COLUMBIA – Richland County’s elected body approved a settlement agreement with the state revenue agency on July 13 to end a dispute over penny tax expenditures, although the terms of the The potential deal is not finalized and will not be public until the deal is done.
The move comes after council has considered a potential settlement privately in several meetings since July over state allegations the county mis-spent some $ 32 million in money generated by a penny tax. for voters of the road projects approved in 2012.
The county council reconvened behind closed doors on July 13 during its first meeting in the council chamber since the COVID-19 pandemic to continue discussing the potential settlement and other issues. When the members returned, they passed City Councilor Overture Walker’s motion to approve a settlement agreement with SCDOR “as presented in executive session and authorize the county administrator (Leonardo Brown) to perform the same”.
Council members are not asking for any changes from the state and are no longer anticipating back and forth before a deal is finalized, City Councilor Allison Terracio told The Post and Courier.
A spokesperson for the Revenue Department confirmed in June that the agency made a settlement offer to the county and first received news from the county on June 17. The county council’s vote to approve a settlement agreement on July 13 was the first time the item had been on the council’s agenda since then.
Any agreement still needs to be signed by both parties.
âUltimately, there is no signed agreement between the Revenue Department and Richland County,â Brown told The Post and Courier on July 15. âThe two sides continue to have discussions and try to reach a resolution apart from the ongoing litigation on the matter.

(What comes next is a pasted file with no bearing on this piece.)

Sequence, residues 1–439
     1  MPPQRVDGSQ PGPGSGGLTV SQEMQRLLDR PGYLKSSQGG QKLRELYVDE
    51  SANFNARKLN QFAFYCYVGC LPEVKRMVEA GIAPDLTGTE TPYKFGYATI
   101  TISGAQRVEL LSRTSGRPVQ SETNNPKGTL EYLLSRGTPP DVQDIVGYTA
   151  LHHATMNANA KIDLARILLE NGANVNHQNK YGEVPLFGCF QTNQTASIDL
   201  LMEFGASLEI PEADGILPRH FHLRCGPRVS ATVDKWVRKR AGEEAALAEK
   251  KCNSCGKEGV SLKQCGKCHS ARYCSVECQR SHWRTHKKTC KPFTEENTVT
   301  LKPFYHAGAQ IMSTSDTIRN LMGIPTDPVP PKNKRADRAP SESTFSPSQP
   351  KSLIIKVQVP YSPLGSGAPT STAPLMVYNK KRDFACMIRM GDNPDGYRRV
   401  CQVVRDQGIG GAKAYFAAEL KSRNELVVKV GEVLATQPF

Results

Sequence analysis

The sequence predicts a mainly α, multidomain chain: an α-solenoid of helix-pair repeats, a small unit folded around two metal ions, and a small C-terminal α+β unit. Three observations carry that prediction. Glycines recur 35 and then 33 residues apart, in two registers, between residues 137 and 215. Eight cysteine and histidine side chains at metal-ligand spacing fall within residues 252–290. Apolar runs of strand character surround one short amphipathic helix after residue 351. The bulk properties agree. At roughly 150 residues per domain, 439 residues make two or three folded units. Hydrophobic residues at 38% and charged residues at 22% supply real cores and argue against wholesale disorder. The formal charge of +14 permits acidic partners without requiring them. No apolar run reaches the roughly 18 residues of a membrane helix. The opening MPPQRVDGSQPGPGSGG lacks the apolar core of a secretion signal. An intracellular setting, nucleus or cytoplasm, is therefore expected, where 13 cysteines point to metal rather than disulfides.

Ahead of the July 13 vote, City Councilor Bill Malinowski countered that council should instead follow the route advised by county prosecutors, a proposal his colleagues have ignored. Malinowski declined to comment on the settlement process, calling it ongoing negotiations.
Council Chairman Paul Livingston and acting county attorney Elizabeth McLean also declined to comment on the potential deal. McLean said an outcome document could be made public once finalized.
State tax authorities ordered the county in July 2020 to repay the $ 32 million in tax funds they say the county over-spent on project managers, public relations work, legal work and a mentoring program. Richland County challenged that decision in August 2020 in administrative court and a decision is pending, according to court records.
Clarification: This story has been updated to clarify the status of the settlement agreement.